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Hodges seen as likely mayor by end of the day

“Minneapolis is going through a demographic shift, and as a result what we’re seeing is the realignment of the DFL,” said Hamline University professor David Schultz.

Betsy Hodges speaking to her supporters on Election Night at El Nuevo Rodeo.
MinnPost photo by Terry Gydesen

It’s all over but the counting.

Although it is still mathematically possible for someone else to win, it appears highly likely Betsy Hodges will be elected mayor of Minneapolis this afternoon in the city’s second ranked-choice vote.

So likely that a scant two hours from the time polls closed Tuesday night the next highest vote-getter in the contest’s first round of balloting, Mark Andrew, essentially conceded the race.

A jubilant Hodges took to the stage moments later at El Nuevo Rodeo restaurant in Midtown. “We have been from day one a people-powered, grassroots campaign,” she told a remarkably diverse crowd. “Here’s to what we did today, Minneapolis, and here’s to tomorrow.”

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Elections officials will begin the process of re-allocating second- and third-place votes from lower-ranked candidates early this afternoon at City Hall. They expect to be finished by the end of the day.

By the time the final results are tallied, a reconfigured City Council will also have been elected, including the country’s highest-ranking Somali-American yet. Abdi Warsame ousted three-term incumbent Robert Lilligren in the Sixth Ward.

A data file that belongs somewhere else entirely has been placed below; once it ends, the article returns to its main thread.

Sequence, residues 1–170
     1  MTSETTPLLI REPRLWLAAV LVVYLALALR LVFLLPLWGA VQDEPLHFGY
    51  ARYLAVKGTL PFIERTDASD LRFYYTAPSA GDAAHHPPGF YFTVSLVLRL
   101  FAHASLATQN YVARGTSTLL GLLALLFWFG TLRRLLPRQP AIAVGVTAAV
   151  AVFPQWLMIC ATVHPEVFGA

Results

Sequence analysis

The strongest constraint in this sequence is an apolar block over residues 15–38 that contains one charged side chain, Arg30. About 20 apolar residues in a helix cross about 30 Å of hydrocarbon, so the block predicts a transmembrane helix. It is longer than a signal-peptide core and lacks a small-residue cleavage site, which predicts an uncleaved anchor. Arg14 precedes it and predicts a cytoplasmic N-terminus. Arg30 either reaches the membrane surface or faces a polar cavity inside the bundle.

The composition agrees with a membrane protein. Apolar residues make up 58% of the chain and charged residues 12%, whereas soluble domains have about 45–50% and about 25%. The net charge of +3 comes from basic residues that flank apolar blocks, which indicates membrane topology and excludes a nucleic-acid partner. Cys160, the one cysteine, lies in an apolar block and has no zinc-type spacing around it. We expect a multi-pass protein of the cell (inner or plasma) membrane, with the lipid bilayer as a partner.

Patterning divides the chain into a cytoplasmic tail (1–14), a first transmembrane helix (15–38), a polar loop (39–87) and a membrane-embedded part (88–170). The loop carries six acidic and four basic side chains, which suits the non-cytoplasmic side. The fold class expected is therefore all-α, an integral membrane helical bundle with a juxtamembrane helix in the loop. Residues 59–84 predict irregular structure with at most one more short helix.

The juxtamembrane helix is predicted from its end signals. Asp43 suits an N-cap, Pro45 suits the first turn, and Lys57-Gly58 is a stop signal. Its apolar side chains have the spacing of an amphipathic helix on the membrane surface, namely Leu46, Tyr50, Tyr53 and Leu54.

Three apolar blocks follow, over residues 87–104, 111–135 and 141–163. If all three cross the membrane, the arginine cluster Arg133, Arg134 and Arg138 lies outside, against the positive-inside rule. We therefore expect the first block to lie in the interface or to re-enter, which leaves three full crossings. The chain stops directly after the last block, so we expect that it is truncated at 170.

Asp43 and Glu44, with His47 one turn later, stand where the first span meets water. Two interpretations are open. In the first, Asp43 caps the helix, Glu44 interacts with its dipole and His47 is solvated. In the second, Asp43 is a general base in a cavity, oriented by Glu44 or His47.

Demographic shift, DFL realignment

“Minneapolis is going through a demographic shift and as a result what we’re seeing is the realignment of the DFL,” said David Schultz, a professor at Hamline University and an elections expert. “The coalition coming in is much more interested in social-justice issues and less wedded to a downtown agenda.”

The new slate, he continued, “is less beholden to traditional labor than the old generation, which should give Hodges and the City Council some maneuvering room.”

“We’ve succeeded in changing the conversation,” said Hodges supporter Peggy Flanagan, previously the first Native American elected to the Minneapolis School Board and current head of the Children’s Defense Fund-Minnesota. “It’s now about equity for people of color.”

A two-term member of the council, Hodges, 44, is credited with helping to lead a controversial push to end what the city contended were overpayments to police and fire department retirees, saving Minneapolis taxpayers some $20 million. She had strong support from the progressive Service Employees International Union (SEIU).

Andrew, by contrast, made it clear that he would stand by Minneapolis’ more traditional labor organizations, including the Minneapolis Federation of Teachers. Minneapolis Public Schools is seeking several changes to the teachers’ contract, and while Andrew said he supported the policy changes he also said he believed they should be negotiated.

Most observers had predicted a close race in the 35-candidate field, possibly culminating in multiple rounds of vote counting as second- and third-choice votes were moved from losing candidates in a crowded field. Under the system, first used in 2009, the lowest-polling candidates and those who have no chance of winning are eliminated and their votes redistributed until someone has 50 percent plus one of the ballots cast.

Bottom 29 drew 9,000 votes

Insofar as the re-allocation is concerned, Schultz predicted that the redistributed votes from the bottom 29 candidates, who drew a collective 9,000 votes and who will be eliminated right away, won’t put Hodges over the top. She’ll need transferred votes from some of the top six, who drew 88.6 percent of the votes, he said.

More specifically, second- and third-place votes from number-four candidate Cam Winton should deliver the win, Schultz predicted.